It started out like this:


Now, in my own (admittedly WASPY) turkey day experience the “holiday” meal began with perhaps, nuts and butter mints in a little dish, a tray with some olives and sweet pickles and carrots – perhaps some deviled eggs. But, these people are Italian, so I went with the flow. I loved salami anyway, and there were my familiar olives on the platter, too (although brown, not green.) I indulged and enjoyed.

Afterward, the women cleared away the first course and the men and children went into the living room to watch the game – I accompanied them since I was a guest.

About 20 minutes later, it was time to sit down again – we were called to the table and my future mother-in law brought out what I believed would be the turkey.    As the platter was set down, I discovered it was not turkey, but


 With a side dish of

MEAT and a bowl of“GRAVY”

  OMGosh, I’m thinking to myself, no TURKEY? But, it’s Thanksgiving! I looked around and everyone else was digging in and eating like there was no tomorrow, so I resigned myself to a turkey-less Thanksgiving and began to eat my (FULL) plate of lasagna, after all – they worked hard on it and I didn’t want to offend anyone since it was my first close encounter with the future mother and sister-in-laws.  I ate everything in front of me and hoped that they had some pie for dessert. 

Once again the women of the family got up, removed everyone’s dishes, headed into the kitchen to clean up the aftermath of the holiday dinner. The men, children (and I) returned to the living room and football.  15 minutes later out came the women calling us back to the table. Ahhh, a familiar dessert I hoped! We settled back into our places around the table and out came


Hmmm, now I was definitely confused. Soup. At the END of the meal instead of dessert. I’d never heard of such a thing. These New York Italians, had they never heard of the Pilgrims, Squanto and the corn? Pocahontas and Pumpkin Pie? Talk about backwards… This was crazy. No turkey, and now soup for dessert.

Not wanting to make waves I proceeded to slurp to the bottom of the bowl. Aha, I discovered what happened to the turkey… These crazy Italians didn’t roast it, they put it into the SOUP! Unbelievable. But, I was a polite guest and said not a word. Perhaps, I could get a slice of pie somewhere at the airport.
Once again, the women cleared the table, the men, children and I returned to the living room and to the game on TV.

I was so stuffed – How could I get this stuffed without the turkey?

Suddenly the ladies returned to the dining room, calling us back to the table. Thinking to myself, “What now?” I retook my now familiar seat at the table.  The women came in bearing more platters, dishes, and bowls. No! How could this be???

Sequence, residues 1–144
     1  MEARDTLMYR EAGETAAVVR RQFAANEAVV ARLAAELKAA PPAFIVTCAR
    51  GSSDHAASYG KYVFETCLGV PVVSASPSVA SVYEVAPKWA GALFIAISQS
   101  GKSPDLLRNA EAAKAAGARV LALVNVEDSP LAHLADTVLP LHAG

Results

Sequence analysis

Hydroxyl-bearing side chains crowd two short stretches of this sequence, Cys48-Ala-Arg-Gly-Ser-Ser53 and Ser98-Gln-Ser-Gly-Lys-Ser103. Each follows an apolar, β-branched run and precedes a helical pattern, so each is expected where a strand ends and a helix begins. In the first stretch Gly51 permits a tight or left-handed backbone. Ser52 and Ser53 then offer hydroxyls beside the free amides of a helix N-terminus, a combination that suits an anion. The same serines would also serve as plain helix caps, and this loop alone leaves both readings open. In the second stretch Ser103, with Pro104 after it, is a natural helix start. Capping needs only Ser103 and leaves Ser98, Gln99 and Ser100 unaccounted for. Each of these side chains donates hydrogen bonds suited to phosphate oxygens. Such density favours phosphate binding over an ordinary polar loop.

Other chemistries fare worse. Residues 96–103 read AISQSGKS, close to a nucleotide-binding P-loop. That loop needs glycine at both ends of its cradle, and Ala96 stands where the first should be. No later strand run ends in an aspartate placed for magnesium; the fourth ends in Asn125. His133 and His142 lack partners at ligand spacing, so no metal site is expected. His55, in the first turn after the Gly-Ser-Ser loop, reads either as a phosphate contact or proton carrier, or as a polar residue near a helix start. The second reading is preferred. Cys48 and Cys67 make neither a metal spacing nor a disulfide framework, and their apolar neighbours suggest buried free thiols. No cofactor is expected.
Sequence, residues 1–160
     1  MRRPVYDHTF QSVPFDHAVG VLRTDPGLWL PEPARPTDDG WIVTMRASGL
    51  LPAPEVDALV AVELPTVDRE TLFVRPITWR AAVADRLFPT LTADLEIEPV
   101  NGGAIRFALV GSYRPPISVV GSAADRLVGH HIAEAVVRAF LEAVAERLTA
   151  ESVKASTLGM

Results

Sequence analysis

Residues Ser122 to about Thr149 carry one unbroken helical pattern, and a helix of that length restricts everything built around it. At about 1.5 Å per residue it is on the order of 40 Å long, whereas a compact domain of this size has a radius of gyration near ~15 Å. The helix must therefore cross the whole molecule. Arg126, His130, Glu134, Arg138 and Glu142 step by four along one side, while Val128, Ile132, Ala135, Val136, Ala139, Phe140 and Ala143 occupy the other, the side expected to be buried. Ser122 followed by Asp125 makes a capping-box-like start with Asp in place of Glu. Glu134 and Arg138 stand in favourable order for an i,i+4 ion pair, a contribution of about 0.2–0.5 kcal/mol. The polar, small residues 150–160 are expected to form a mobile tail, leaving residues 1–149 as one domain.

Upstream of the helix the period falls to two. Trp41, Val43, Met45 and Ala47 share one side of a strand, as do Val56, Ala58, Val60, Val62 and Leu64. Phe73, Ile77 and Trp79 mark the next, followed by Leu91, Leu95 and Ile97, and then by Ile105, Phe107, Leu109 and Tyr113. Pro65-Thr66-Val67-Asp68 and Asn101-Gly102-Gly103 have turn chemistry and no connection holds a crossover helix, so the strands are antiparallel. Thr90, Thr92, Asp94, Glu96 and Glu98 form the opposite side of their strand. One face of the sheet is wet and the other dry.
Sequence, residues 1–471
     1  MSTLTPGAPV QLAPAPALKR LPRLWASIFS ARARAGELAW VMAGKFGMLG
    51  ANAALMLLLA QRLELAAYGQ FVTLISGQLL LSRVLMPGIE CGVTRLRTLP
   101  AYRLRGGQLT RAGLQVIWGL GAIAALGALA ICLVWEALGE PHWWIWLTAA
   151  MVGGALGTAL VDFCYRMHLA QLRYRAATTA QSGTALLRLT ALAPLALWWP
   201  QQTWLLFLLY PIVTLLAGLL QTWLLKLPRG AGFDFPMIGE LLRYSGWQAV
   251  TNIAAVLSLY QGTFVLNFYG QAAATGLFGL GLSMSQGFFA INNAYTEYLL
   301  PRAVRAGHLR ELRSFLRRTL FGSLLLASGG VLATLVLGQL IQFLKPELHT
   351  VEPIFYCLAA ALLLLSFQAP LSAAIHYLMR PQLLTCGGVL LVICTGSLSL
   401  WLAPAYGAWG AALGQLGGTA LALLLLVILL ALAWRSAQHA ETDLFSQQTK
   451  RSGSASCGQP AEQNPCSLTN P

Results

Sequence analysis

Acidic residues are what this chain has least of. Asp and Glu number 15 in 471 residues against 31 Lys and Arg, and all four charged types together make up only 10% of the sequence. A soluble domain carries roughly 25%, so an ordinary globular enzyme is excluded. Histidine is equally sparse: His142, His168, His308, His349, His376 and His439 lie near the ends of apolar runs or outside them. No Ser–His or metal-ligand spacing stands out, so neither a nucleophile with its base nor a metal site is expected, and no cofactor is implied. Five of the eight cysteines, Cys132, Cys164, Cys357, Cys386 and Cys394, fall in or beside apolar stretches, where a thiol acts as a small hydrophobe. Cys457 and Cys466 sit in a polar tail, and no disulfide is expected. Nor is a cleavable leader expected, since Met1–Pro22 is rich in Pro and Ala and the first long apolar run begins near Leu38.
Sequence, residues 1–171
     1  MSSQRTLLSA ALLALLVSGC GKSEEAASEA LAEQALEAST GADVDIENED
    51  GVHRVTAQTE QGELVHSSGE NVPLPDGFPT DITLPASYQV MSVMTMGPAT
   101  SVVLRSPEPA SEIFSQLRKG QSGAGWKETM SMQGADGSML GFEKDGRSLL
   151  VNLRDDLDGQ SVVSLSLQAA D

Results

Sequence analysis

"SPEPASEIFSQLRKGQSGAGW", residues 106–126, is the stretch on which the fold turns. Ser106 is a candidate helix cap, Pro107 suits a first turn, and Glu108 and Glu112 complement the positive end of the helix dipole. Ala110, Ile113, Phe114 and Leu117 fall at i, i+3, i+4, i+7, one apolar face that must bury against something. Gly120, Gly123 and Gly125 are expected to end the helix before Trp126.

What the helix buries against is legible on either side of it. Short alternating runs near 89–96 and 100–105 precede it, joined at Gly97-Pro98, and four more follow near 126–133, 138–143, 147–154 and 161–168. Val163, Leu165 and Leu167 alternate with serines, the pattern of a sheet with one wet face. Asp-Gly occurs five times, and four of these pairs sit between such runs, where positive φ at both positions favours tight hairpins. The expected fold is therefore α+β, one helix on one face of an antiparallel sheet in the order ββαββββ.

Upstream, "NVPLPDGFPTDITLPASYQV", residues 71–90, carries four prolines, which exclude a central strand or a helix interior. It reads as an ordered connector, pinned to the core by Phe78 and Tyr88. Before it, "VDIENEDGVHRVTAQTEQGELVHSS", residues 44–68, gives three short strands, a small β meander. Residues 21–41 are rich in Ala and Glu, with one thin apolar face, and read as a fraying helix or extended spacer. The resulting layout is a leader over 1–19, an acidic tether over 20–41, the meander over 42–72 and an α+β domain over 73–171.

OMGosh, once again…. How could this be happening? I had already eaten enough food to feed a family of four, and now THIS??? An entire, traditional, GIGANTIC Thanksgiving turkey dinner – after all of that?

I looked around, everyone was settling in for the long run and dishing out a LOT of everything just placed on the table. I thought to myself, “When in Rome…” So, I too, dug in.

 Once again, the ladies cleared the table, we returned to the football game.  Uh-oh. We were called back to the table.  I didn’t even bother to wonder, by this time I was overly full, bloated and just wanted somewhere to lie down and rest.  The bowls being placed on the table now contained


 One more time, I wondered to myself – SALAD? At the END of the meal?? Too confusing for my little WASPY pea-brain to contemplate – again, I just ate what was on my plate.

Hopefully, for the last time, the men, children and I left the table while the women cleared the dishes to the kitchen.  Would this day  - this MEAL – ever end??? 

Nope, back to the table once again.  Only now it was filled with dishes of



FINOCCHIO (don’t ask)

There was no more leaving the table now… Things were moving along at the speed of light and dishes kept coming from the kitchen in a blur.





It’s such a blur, I don’t remember, but perhaps we had a pumpkin pie…

There were also some after dinner drinks




It was at that time that I learned the meaning of two more Italian words –



With much love and good humor, I wish a Happy Thanksgiving to all of my Italian relatives who took me in as one of their own and showed me the good life!  Kathy